Saturday, July 17, 2010

Invest in Museum Risk Management - Don't Always Count on Someone Being There When Disaster Strikes

Back in June 2008 flooding damaged areas of Iowa. One place hit by the rising waters was the University of Iowa's (UI) art museum. The good news is that the Figge Museum in Davenport was able to house and protect some of UI's artwork after the flood. Just as when Hurricane Katrina hit Louisiana and other nearby states, several art museums came to help out institutions affected by the disaster. However, long-term help cannot always be counted on. In UI's situation, Lloyd's of London will not insure a new museum building for UI if they construct it in the same spot. And the Federal Emergency Management Agency(FEMA) has just denied UI's request for funds to help build a new museum. The lesson is that an investment in risk planning can help a cultural institution mitigate or prevent problems later.

Operation Andromeda - Carabinieri Cultural Heritage Protection Command Press Release

CONDENSED PRESS STATEMENT (TRANSLATED FROM THE ITALIAN)
Unedited original available at
www.carabinieri.it/Internet/Cittadino/Informazioni/ComunicatiStampa/2010/Luglio/20100716_100000.htm

On July 16, 2010, the Carabinieri Cultural Heritage Protection Command presented to the press ... three hundred thirty seven exceptional archaeological finds, from Lazio, Puglia, Sardinia and Magna Graecia, dating between eighth century BC and fourth century AD, and returned from Geneva, Switzerland on June 25, 2010.

Among the many outstanding heritage items are ... loutrophoros, marble statues depicting the goddess Venus, Apulian and Attic volute craters, craters mask Canosa, kylix Chalkidiki, bronzes, frescoes from Pompeii, a basket and two nuraghic warriors, whose value is determined on the illicit market based on their size in centimeters (about ten thousand euros per centimeter).

The total asset value of the works exceeds fifteen million euros. The exhibits were seized earlier this year by the Swiss authorities and by the Carabinieri, as a result of an investigation commonly known as "Andromeda" in the free port of Geneva, where they were stored by an art dealer and a Japanese Swiss businessman ....

...

Thursday, July 8, 2010

No Prison Means No Deterrence

Crimes against culture rarely appear on the radar of law enforcement authorities. And when such crimes are investigated--oftentimes after years of time and effort--many prosecutors tend to let such cases fizzle. That is what happened again today when a plea bargain was accepted in a Utah courtroom. A federal district court judge sentenced Brent Bullock to five years of probation supervision and sentenced Tammy Shumway, widow of the infamous antiquities looter Earl Shumway, to three years of court ordered supervision after a half year of home confinement.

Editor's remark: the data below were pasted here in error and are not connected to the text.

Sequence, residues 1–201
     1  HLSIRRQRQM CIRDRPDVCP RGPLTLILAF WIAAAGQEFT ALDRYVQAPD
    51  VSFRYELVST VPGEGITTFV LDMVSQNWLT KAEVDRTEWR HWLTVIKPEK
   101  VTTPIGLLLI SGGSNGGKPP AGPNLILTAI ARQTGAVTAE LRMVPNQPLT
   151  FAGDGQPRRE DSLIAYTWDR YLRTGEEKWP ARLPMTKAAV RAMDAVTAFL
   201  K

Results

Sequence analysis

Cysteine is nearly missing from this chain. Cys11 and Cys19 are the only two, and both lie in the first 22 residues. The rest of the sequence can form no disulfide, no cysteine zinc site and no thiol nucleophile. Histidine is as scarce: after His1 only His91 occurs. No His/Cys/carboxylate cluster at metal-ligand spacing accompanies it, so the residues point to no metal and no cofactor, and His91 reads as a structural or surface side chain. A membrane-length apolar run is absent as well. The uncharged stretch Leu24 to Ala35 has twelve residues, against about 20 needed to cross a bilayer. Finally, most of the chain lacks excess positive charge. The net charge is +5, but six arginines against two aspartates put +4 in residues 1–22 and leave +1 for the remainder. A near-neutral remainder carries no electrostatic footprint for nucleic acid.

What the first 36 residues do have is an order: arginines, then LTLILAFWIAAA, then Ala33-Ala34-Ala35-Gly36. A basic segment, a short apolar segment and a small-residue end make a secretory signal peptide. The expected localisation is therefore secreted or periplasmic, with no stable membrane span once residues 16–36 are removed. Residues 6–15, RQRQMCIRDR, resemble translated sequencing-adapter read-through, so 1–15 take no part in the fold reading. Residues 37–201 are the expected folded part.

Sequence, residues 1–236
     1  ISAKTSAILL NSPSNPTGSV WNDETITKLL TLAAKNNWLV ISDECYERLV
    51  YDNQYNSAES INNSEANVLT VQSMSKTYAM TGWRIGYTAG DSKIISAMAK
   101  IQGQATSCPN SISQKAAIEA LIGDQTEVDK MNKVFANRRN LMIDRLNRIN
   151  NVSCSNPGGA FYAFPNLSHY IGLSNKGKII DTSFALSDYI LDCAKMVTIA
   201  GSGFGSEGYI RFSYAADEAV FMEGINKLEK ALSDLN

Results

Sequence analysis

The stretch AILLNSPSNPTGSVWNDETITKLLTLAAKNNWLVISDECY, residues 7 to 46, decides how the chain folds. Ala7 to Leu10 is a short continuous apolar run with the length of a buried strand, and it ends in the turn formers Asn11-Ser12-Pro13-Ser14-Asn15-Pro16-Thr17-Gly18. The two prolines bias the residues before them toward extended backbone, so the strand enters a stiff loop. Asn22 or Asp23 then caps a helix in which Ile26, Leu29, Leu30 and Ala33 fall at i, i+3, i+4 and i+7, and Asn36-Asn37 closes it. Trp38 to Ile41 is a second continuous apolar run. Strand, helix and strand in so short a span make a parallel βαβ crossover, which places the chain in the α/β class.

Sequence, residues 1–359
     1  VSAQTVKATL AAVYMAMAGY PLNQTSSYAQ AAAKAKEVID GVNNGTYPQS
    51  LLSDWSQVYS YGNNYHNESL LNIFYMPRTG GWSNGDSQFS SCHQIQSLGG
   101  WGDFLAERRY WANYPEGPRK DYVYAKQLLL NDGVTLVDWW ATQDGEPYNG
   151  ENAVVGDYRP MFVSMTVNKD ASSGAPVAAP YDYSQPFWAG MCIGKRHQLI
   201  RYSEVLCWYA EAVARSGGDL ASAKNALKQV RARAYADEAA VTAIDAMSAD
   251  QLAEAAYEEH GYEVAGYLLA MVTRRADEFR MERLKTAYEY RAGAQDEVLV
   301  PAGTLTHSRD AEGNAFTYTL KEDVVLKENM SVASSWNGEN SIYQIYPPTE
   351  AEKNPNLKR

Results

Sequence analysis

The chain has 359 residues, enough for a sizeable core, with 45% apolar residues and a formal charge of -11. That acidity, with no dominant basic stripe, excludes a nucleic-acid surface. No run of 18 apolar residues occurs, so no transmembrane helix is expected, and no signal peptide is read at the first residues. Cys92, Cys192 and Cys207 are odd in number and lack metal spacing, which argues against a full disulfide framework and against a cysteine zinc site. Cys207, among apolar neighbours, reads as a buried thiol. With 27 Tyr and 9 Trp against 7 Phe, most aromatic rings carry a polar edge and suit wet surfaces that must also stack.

The over two year investigation into antiquities looting and trafficking in the Four Corners area of the United States is just the latest example of intense investigative efforts being rewarded with light sentences. Five defendants have now been convicted and sentenced to no time in prison. To be fair, one of today's defendants received a time-served sentence. But serving three weeks pre-trial time in jail is different from being sentenced to jail.

Prosecutors across the country took years to recognize that domestic violence was a legitimate crime. When it was acknowledged as a crime and jail sentences were pursued by the authorities, there came a marked increase in the detection and deterrence of the criminal activity. Crimes against culture require this same kind of recognition.

That is why crimes against culture must earn meaningful court sentences that include incarceration. Weighty sentence tell other law enforcement and prosecution agencies that this crime is serious. Moreover, meaningful sentences tell other would-be grave robbers and antiquities traffickers that the price of doing illegal business by erasing history includes losing one's liberty. If the cost of site looting is of no consequence, then there is little incentive to deter a looter or trafficker.

Organizations like the Archaeological Institute of America and others must continue to educate authorities about the damage done when archaeological material is ripped from its context. That is to say, the irreparable harm caused by removing evidence of our past from the ground without proper documentation.